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The traverses of a post-Keynesian model of a corn-credit economy

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Richardson, CL (2003) The traverses of a post-Keynesian model of a corn-credit economy. PhD thesis, University of Tasmania.

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Abstract

In this thesis, five dynamic Post-Keynesian corn-credit models are constructed as testbeds for numerical analysis experiments that generate traverse paths through historical time using computer simulation. The "corn-credit economy" is a synthesis of theoretical insights gleaned chiefly from the writings of Joan Robinson, Knut Wicksell, Michal Kalecki, John Maynard Keynes, Gunnar Myrdal, and Adolph Lowe.

The first Model A has a fixed corn price, money wage and interest rate. Each such constant is replaced by equations to become a variable in Models B, C and D, respectively, e.g. money expenditure directed at a given supply of foodcorn determines its price. The final Model E uses a conventional demand function for the same purpose.

Each 31st December, capitalist-farmers decide the flow of seedcorn invested, then store the balance of that year's harvest as foodcorn. On 1st January, this lagged seedcorn flow becomes the opening stock of seedcorn, which is sown by workers employed to raise the next crop. Likewise, the lagged foodcorn flow becomes the opening stock of foodcorn available for sale to consumers while the new crop is being tended.

The workers' fortnightly money wages, together with all profit and interest incomes, are partly saved but mainly spent on foodcorn released weekly from the granaries. The structural-form equation (common to all models) that determines the volume of seedcorn invested is crucial, since the reduced forms show that investment decisions drive the evolution of all other economic variables.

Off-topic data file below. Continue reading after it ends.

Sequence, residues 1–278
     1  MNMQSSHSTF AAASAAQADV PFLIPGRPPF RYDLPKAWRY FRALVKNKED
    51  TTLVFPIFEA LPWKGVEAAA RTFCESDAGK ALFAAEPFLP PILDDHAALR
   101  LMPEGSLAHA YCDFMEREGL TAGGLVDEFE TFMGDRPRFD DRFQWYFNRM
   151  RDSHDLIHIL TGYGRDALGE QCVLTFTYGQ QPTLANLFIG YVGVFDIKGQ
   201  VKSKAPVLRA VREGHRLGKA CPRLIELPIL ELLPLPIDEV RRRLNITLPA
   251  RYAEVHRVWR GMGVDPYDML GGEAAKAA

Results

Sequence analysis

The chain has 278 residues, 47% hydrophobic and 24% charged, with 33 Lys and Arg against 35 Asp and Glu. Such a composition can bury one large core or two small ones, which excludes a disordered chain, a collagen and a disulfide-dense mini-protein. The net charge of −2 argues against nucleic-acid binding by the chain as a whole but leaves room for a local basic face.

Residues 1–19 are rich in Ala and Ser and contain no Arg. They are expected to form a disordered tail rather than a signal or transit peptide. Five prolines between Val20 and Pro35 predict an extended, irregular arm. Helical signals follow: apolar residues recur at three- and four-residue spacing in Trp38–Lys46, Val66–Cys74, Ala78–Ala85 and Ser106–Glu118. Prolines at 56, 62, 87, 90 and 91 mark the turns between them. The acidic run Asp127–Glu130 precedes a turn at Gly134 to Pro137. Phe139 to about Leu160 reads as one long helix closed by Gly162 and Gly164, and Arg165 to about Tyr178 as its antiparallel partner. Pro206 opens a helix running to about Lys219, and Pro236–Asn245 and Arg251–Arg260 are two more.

In turn, seedcorn invested is itself driven by a time-series of "profitability gaps" between the realised and required rates of return on capital stock, in a process of circular and cumulative causation. A constant "reaction coefficient" determines the rate of capital accumulation as a fraction of the profitability gap. Such positive feedback or path dependence is so pronounced in the complex structural form of Model E that no reduced form can be derived.

All models are solved numerically for a 100-year equilibrium stationary state, then a smooth exponential growth path is generated for all but Model E. These stationary and steady states are used as reference time paths or "basecases", from which specimen traverse paths are made to depart by perturbing the model's parameters.

A sensitivity matrix is constructed for Model E by initiating numerous convergent traverses connecting its initial with a final stationary state. This matrix shows the long-period effect of a change in each parameter upon every endogenous variable. By tracing "chains of causation" made visible by the matrix, these cause-effect elasticities confirm that Keynes's paradox of thrift and Rowthorn's paradox of costs operate in Model E. The most powerful parameters are the foodcorn demand elasticities, indicating a strong influence of sovereign consumers on the price, profitability and production of corn.

Certain key variable-pairs are scatter-plotted to see whether some conventional relationships used for comparative static analysis hold over the range of reaction coefficient values defining a viable corn-credit economy. Instead of the familiar curves, these scatter-plots reveal a sequence of well-defined patterns, resembling the evolution of a spiral galaxy such as our own Milky Way.

Due to the observed traverse behaviour of Model E being quite violent, a public sector is added and the modified Model E* is used to discover a policy mix that tames the laisser faire instability of a demographic shift from zero to positive workforce growth. This policy-constrained or "instrumental traverse", as defined by Adolph Lowe, successfully guides the economy onto a tranquil steady-state growth path with near-full employment.

Item Type: Thesis (PhD)
Keywords: Economics
Copyright Information:

Copyright 2002 the author

Additional Information:

Thesis (PhD)--University of Tasmania, 2003. Includes bibliographical references

Date Deposited: 03 Feb 2015 03:16
Last Modified: 02 Aug 2017 23:31
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